A Russian national has been sentenced to four and a half years in jail. According to authorities, the Russian used the complex malicious Citadel malware to harvest from thousands of computers banking information of people.
In this mega crime scheme that affected more than 11 million computers globally, Dimitry Belorossov, aged 22 admitted to playing a role. In this $US500 million ($NZ786) computer fraud, Dimitry who is from St Petersburg pleaded guilty in July 2014 to one count for his role. He was extradited from Spain in 2014.
Thomas Thrash, a US District Judge in Atlanta passed the sentence. Dimitry is also required to pay at least $320,000 in restitution. According to defendant’s lawyer Arkady Bukh, Dimitry committed the crime when he was just but a teen and had since pleaded guilty to show that he has taken full responsibility of his actions.
Mr. Bukh wrote in an email that after taking getting credit for the time which Dimitry had spent in custody, he would be spending slightly more than a year behind bars. “It was a long battle”, Arkady intimated.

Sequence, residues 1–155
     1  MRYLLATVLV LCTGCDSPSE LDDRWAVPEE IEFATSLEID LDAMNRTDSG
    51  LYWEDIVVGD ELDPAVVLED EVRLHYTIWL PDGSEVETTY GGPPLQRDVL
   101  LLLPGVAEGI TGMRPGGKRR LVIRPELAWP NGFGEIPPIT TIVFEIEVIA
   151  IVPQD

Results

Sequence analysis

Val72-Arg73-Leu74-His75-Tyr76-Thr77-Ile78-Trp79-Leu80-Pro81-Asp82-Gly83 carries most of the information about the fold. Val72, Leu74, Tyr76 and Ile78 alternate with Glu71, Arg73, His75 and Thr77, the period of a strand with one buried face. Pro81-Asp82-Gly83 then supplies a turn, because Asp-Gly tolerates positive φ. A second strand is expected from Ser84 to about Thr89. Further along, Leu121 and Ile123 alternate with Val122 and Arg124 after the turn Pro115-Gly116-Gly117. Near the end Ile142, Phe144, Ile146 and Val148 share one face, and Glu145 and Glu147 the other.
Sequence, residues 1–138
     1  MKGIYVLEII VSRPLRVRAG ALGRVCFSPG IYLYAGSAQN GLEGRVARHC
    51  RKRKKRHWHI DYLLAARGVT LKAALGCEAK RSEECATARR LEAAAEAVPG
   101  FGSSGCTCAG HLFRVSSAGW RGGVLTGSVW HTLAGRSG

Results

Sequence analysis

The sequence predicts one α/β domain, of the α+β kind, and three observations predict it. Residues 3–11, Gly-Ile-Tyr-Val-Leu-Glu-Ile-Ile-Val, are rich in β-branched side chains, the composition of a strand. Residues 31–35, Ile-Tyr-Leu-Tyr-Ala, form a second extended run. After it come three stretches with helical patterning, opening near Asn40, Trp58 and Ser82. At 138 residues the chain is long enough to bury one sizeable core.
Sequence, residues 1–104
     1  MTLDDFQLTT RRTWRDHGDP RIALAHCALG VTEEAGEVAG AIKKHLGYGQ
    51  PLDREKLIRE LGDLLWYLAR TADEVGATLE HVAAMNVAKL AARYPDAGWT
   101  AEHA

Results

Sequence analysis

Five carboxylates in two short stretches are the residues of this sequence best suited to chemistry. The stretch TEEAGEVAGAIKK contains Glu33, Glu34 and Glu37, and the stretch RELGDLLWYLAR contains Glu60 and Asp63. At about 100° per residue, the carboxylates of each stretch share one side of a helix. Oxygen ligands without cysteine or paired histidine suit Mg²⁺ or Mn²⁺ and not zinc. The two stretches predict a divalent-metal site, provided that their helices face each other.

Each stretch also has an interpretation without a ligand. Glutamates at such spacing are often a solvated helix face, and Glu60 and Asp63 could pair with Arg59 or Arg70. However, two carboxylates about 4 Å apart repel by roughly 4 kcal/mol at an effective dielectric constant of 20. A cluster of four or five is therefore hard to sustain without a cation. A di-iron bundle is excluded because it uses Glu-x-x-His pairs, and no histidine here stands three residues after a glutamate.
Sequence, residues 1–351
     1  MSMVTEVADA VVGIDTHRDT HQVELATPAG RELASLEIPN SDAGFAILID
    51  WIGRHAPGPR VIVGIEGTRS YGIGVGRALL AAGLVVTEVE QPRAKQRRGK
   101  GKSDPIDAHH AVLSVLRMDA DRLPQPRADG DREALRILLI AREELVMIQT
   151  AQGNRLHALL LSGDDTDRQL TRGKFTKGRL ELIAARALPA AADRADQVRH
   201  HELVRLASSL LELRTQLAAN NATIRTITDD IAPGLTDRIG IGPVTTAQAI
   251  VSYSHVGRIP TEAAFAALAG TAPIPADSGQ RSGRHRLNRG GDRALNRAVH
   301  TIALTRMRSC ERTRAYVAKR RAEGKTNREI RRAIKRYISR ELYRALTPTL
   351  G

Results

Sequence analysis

Citadel was engineered to capture all banking and credit card information from a computer. The malware which was first detected in 2011 had the capability of blocking antivirus software installed in computers.
Hackers would send spam emails or something else which had malicious attachments which contained the malware. In 2012, Dimitry Belorossov used the alias ‘Rainerfox’ and downloaded one version of Citadel. According to US authorities, he managed to access more than 7,000 computer systems.
The efforts of the FBI, Microsoft Corp and several authorities in a number of countries started a hunt for the malicious Citadel malware in 2013. The attack efforts by the authorities helped identify and dismantle the computer networks used by the Citadel gang. Microsoft Corp announced that it had managed to free more than 5 million computers off the malware.
By the time Citadel ring was getting dismantled completely in 2013, it is believed that it had managed to steal more than $500 million from a number of financial institutions. According to Microsoft, among the companies affected include Bank of America, Citigroup Inc., Royal Bank of Canada, Wells Fargo, and JPMorgan Chase & Co Express Co.